Description:  All the 3rd party services are connected to ADIB through our firewall system.

There are two service providers for each function connected to DC Firewall, and another two connections to DR Firewall as shown in Fig.1 & Fig.2 in 7.1

Impact: high

Probability: Low, as we have two links to DC, and another two to DR.

BCP: Each 3rd party function is connected to our DC Firewall through two service providers, so in case of failure to one link the second link will work automatically.

If both links went down, then we have to switch this function to our DR site, which another two links are already connected to the same function.

If the failure is in the Cisco router, then we will switch to DR site.

RTO:

  • 30 min. to switch the function from DC to DR and do the required routing.
  • 4 hours to replace the faulty router, but the service will be restored within 30 min. only after switching to DR.

1.3                    Scenario 2 >>>>>> Firewall equipment malfunction

Description:  All the 3rd party services are connected to ADIB through our firewall system.

There are two service providers for each function connected to DC Firewall, and another two connections to DR Firewall as shown in Fig.1 & Fig.2 in 7.1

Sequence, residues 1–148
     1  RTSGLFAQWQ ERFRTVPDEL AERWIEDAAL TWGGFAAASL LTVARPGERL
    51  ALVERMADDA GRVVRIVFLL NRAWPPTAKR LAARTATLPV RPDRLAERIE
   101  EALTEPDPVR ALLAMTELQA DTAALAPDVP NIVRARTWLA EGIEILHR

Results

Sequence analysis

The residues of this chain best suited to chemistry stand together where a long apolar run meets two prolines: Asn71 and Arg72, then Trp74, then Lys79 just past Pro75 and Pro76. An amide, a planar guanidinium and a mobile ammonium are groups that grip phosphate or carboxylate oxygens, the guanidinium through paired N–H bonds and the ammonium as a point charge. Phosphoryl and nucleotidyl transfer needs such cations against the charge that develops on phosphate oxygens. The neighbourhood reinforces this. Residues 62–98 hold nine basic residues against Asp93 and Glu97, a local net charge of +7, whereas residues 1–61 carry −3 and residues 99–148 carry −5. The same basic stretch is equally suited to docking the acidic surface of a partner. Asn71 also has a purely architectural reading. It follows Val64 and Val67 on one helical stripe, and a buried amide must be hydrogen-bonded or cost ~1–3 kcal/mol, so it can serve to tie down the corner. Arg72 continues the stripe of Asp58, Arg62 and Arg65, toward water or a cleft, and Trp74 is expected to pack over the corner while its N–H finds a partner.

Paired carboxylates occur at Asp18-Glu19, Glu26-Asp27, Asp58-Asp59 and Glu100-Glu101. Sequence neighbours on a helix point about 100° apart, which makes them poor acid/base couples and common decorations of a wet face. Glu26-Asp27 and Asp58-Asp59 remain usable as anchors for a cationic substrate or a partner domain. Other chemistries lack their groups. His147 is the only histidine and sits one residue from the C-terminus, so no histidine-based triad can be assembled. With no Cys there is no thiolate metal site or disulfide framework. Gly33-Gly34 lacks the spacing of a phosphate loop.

Impact: Medium, as we have several layers of backup plans.

Probability: Low, as we have redundancy Firewall and switches in the DC, and we have another single Firewall in DR.

BCP: In case of failure of any of the DC Firewall component, automatic failover to the redundant firewall setup in DC.

In case of double failure to the DC firewall setup, we will switch to DR firewall and will route all the functions to DR.

RTO: 2 hours to switch All functions from DC to DR.

1.4                    Scenario 3 >>>>>> Swift link failure

Description:  The swift service is connected to ADIB through our firewall system.

There are two service providers for the swift function (Orange & Link.NET) connected to DC Firewall, and they are connected to DR Firewall as well as shown in Fig.1 & Fig.2 in 7.1